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  • Sonja Wetzel

Sacred Spaces

Have you ever stopped to really think about 1 Corinthians 6:19-20? Paul reminds us, “Do you not know that your bodies are temples of the Holy Spirit, who is in you, whom you have received from God? You are not your own; you were bought at a price. Therefore honor God with your bodies.” Steve was talking about sacred spaces on Sunday, and it got me thinking about how easily we forget that God is always with us. We take a sacred space with us wherever we go when we have given our lives over to Christ. How often do we pollute that sacred space with anger, selfishness, impatience, and other vices? Every time we treat others with anything other than love, we miss an opportunity to share the Good News we have in Christ. There is no point in having a sacred space if we do not learn and grow in it then go out and share what we have learned. The entire Bible is filled with people’s experiences and how their lives were changed by God. Are we sharing our life-changing experiences?

As soon as my daughter and I got home from church, she found a TikTok of someone sharing a beautiful hymn as worship for Sunday. The responses of the people in the comments were the thing that was so heart-wrenching. So many of them were from people who loved church and then were treated terribly by the people inside, so they have never set foot in a church again. There was even a response from a pastor’s wife that said she’d never go back because of the things she had heard from those at churches. People have given up on God because of people claiming to be Christians and yet treating others with judgment and disrespect. I know I have talked about this in the past, but my heart hurts so much for each person that is saying, “I don’t want anything to do with the God those people claim to follow.” I keep hearing these things, and I keep asking myself, “What have we done?! And how do we fix this?!” Because even if we have not said hurtful things to people, we have allowed these issues by not pursuing the people who have left our churches because of words said in ignorance or judgment. If you are one of those people who have had a bad experience, I would like to apologize, to let you know that God loves you right where you are, that some of us are horrified by how you were treated, and that we are working to change.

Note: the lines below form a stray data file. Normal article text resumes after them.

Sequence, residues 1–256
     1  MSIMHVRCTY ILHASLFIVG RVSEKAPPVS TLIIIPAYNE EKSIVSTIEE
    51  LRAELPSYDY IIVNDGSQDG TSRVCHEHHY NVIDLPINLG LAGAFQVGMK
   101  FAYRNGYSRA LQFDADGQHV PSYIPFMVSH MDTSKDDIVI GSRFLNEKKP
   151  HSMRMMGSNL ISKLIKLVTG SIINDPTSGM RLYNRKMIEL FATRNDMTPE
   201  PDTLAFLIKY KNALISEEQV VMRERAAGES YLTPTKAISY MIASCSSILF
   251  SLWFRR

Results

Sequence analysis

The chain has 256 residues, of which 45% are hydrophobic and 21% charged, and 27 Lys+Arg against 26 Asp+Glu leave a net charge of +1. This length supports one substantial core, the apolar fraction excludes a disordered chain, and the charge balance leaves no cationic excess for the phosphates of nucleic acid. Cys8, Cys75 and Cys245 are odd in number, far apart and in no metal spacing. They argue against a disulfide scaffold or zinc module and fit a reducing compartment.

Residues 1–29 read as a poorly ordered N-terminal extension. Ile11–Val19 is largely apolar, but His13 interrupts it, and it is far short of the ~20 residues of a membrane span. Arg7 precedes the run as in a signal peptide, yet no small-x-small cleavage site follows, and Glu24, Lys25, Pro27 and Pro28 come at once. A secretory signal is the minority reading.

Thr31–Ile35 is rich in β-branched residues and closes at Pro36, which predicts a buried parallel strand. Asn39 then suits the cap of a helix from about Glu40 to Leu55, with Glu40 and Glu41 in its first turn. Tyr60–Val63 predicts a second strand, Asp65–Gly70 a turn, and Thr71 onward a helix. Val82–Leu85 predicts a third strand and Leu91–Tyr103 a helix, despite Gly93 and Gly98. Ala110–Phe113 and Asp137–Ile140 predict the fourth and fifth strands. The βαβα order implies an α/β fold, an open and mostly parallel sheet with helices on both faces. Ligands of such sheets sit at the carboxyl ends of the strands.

In these times, I feel we are holding our church buildings like they are the Holy of Holies and no one is allowed unless you at least look like you are perfect. Too many people have heard, “You can’t wear that in church” or “We don’t raise our hands at this church” or have been scolded if their children make a little too much noise. Despite the New Testament showing us that Jesus called all the children to Him and that He hung out with all the low and dirty outcasts. Let us remember Jesus’ words in Matthew 7:1-2, “Do not judge, or you too will be judged. For in the same way you judge others, you will be judged, and with the measure you use, it will be measured to you.”

Our world is hurting and broken, and even in large groups people feel alone. There are too many committing suicide because they do not see any hope or love. Where is the unconditional love we are called to share? Where is the church that people feel drawn to when they are overwhelmed with doubt and fear? Are we welcoming those lost and hurting people with open arms, or do we act like they need to get themselves together a bit before they walk through the doors? We are all sinners, and we need to stop acting like we are better than others because we have “become a Christian.” We must remember that we all have temptations and bad days where we forget to Whom we belong. We have been given much grace, and we must give much grace to others.

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